* Sense of betrayal — an employee embezzles money or your spouse starts drinking or finds a lover.

* Tired – you’re demoralized when you fail to make progress in being overworked.

* Too few options – you can’t find enough customers or projects.

By the way, FEAR (an acronym for frantic effort to avoid responsibility) is the root-cause of all the symptoms.


My friend, you need to develop some hope. That’s what you get from developing options.

This means you need to take time for reflection or some deep strategic planning. Yes, I know — lack of time is one of the biggest complaints of businesspeople – they’re too busy putting out fires. So, that’s why it’s vital to budget the time whether you plan a big block of time for reflection or just an hour a day. But you can do it.

If you’re a small-business owner, yes, it’s difficult to set aside the time. To paraphrase Reggie Jackson when he was hitting homeruns for the New York Yankees, you’re the straw that stirs the drink. You’re the sparkplug.

However, you can’t afford not to get the job done. Your work suffers from stagnation. Clients and customers become resentful. Your income will drop.

“The bad news is time flies. The good news is you’re the pilot.”

-Michael Althsuler

Do you have employees? Your employees need your leadership. They look to you as the role model. You can influence their performance simply by being energetic and positive.

But what to do?

Here’s a business principle to remember: “No matter what there are no big deals. No matter what.” Remember this axiom to take the emotional sting out of your problems. You’ll be better prepared to deal with issues.

Here’s another: Budget your time so you can better understand your problems.

Here’s how to get going:

  1. Write about your situation. Analyze your problem with a piece of paper and pencil
  2. Get help from an outside participant. Find a consultant or coach.
  3.  If you can’t afford help, and don’t have a mentor, find one. Even in college, I’d call a successful person in my chosen field and ask for a brief appointment. Once, as a junior I was offered a job as a TV announcer in a Top 50 market. After my career was underway but I was laid off, I called the founder of a major broadcasting company. He met with me three times and provided outstanding counsel.
  4. Clean and organize. Refrain from using post-it-notes and put things away.
  5. Create a vision – some goals. One page will work.
  6. Then, develop a balance sheet – pros and cons of the possible solutions.
  7. Can’t get things done? Start a to-do list. Do the most-challenging project the first hour of your day. You’ll start experiencing some energy.
  8. Take other actions. Even if it’s only going for a walk, take baby steps. Then, accelerate your footwork.
  9. Start reading — something helpful each day.
  10. Periodically review your goals. Do you want to remain an entrepreneur? Do you need more money? Do you need more time?

By the way, here’s proof positive: Supportive spouses help in work-related stress.

Especially during the holidays, excessive drinking is a pressing problem — whether it’s an employee or spouse.

The best-known, least-expensive solutions for problem drinking:

  • For friends, relatives or associates of drinkers, Al-Anon ( provides free tools. There’s even a program for youngsters. It’s called Alateen.
  • For the alcoholic, Alcoholics Anonymous ( is the proven free solution.

Don’t be discouraged. Alchoholics will be hesitant to consider AA until they’re sick and tired of being sick and tired…or until a judge requires AA attendance after a drunk-driving incident.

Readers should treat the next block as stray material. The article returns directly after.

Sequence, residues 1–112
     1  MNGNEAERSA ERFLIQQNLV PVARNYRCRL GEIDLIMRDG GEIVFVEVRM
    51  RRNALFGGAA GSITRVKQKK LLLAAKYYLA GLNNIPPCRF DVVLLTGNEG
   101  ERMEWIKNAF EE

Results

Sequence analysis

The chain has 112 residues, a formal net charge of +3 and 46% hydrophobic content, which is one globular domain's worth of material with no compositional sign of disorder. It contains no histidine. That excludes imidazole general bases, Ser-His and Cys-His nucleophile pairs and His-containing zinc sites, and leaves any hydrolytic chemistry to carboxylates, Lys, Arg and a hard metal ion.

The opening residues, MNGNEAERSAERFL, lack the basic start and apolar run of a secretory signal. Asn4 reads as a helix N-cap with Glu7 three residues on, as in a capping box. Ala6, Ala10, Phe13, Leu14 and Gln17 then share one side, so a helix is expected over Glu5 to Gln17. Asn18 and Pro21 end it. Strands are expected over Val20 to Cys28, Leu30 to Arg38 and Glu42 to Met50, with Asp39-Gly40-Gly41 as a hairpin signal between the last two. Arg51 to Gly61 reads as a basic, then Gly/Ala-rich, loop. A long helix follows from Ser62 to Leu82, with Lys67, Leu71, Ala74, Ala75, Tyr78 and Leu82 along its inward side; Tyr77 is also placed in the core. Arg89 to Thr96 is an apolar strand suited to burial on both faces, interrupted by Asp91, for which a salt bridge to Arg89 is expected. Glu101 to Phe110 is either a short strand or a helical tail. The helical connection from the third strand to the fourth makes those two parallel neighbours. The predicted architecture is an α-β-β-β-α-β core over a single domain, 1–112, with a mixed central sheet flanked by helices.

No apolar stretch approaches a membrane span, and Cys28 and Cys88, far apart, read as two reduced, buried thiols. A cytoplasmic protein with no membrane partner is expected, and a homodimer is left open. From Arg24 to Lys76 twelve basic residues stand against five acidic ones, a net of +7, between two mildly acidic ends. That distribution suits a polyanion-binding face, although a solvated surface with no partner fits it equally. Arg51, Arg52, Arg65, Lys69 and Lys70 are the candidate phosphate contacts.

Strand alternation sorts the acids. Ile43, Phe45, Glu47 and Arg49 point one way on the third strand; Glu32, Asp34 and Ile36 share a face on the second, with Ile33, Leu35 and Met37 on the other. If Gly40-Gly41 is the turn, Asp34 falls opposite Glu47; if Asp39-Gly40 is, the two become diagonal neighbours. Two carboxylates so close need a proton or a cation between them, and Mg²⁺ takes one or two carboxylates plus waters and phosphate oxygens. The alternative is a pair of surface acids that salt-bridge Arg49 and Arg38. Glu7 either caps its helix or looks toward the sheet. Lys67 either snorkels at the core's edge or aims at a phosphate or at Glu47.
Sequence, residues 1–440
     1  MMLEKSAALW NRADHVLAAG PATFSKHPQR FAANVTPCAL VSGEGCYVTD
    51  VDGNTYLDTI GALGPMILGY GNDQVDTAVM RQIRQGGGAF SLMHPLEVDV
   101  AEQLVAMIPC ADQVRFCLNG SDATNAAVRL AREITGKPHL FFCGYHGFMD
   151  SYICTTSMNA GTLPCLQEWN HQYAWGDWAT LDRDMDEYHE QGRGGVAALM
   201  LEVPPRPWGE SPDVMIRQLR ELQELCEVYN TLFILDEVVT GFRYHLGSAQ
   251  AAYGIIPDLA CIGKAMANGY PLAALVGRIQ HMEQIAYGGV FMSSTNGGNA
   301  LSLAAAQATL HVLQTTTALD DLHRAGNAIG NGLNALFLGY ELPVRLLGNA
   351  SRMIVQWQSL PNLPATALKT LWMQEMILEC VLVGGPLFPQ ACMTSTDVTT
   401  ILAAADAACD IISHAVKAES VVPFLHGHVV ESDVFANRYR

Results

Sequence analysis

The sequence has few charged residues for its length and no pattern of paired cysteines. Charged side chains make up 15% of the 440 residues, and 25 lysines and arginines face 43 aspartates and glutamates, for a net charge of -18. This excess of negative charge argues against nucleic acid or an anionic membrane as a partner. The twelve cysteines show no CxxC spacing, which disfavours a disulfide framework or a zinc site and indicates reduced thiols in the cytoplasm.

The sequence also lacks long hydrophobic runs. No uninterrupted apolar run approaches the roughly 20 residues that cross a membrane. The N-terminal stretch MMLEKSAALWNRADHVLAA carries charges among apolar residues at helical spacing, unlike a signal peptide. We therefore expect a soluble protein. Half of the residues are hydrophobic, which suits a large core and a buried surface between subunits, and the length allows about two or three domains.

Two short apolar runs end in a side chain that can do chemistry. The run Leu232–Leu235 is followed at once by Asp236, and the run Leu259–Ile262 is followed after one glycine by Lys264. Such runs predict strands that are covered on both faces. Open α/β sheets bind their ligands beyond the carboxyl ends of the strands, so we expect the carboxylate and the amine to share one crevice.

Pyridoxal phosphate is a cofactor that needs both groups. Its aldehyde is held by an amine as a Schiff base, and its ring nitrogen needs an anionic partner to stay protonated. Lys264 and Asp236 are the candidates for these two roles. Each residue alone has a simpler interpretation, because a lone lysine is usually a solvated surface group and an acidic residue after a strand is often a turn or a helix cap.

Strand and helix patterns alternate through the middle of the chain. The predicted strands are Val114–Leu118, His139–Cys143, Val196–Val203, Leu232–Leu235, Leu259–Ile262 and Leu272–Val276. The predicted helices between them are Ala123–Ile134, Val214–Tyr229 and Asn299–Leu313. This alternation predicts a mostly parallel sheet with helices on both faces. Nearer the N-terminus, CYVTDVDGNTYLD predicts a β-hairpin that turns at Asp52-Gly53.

If you’re the boss, but still don’t feel like working, perhaps you’re burned out. It can happen to anybody – whether it’s procrastinating on difficult decisions, paying bills, or dealing with difficult employees and customers.

So, take some time off. If you can’t get away for 10 to 21 days, then plan a series of mini-vacations. Get some exercise.

Remember: You can’t afford not to relax and exercise.

Good luck in your rejuvenation!

From the Coach’s Corner, here are 30 time management, stress-reducing skills.

“The bad news is time flies. The good news is you’re the pilot.”

-Michael Althsuler


Author Terry Corbell has written innumerable online business-enhancement articles, and is a business-performance consultant and profit professional. Click here to see his management services. For a complimentary chat about your business situation or to schedule him as a speaker, consultant or author, please contact Terry.

Photo courtesy of David Castillo Dominici at

10 Strategies to Overcome Stress and Energize Your Career

If you feel stressed at work, join the crowd. Job stress is everywhere. It causes absenteeism, lower productivity, weight gains, high legal and insurance costs, accidents and turnover.

Stress costs business about $300 billion a year, according to the American Institute of Stress (AIS).

It’s no surprise that the National Institute for Occupational Safety and Health (NIOSH), says there are several warning signs of workplace stress: headaches, lack of focus, short fuses, sleep deprivation, ulcers, and workplace injuries.

NIOSH says employees are worried about downsizing, increased use of temporary workers, and lack of control over their careers.

So, if any of this sounds familiar to you, there’s nothing like a fresh start to energize a career.

For stepping stones to a new approach, here are 10 career strategies:

1. Perform a SWOT analysis of both your personal skills and your job

Identify all strengths, weaknesses, opportunities, and threats. Assuming you have the passion and skills for your job, then if you still feel overwhelmed at times, the cause might be stress.

Identify the underlying reasons: Relationships with the boss, co-workers and customers; and finances, at work and home.

Launch a campaign to reduce your stress factors by developing a diary of your stress. Analyze how you react to stress. Are your reactions productive? If they’re not, learn relaxation-response techniques, such as deep-breathing exercises or the art of positive thinking (seeing every challenge as gift).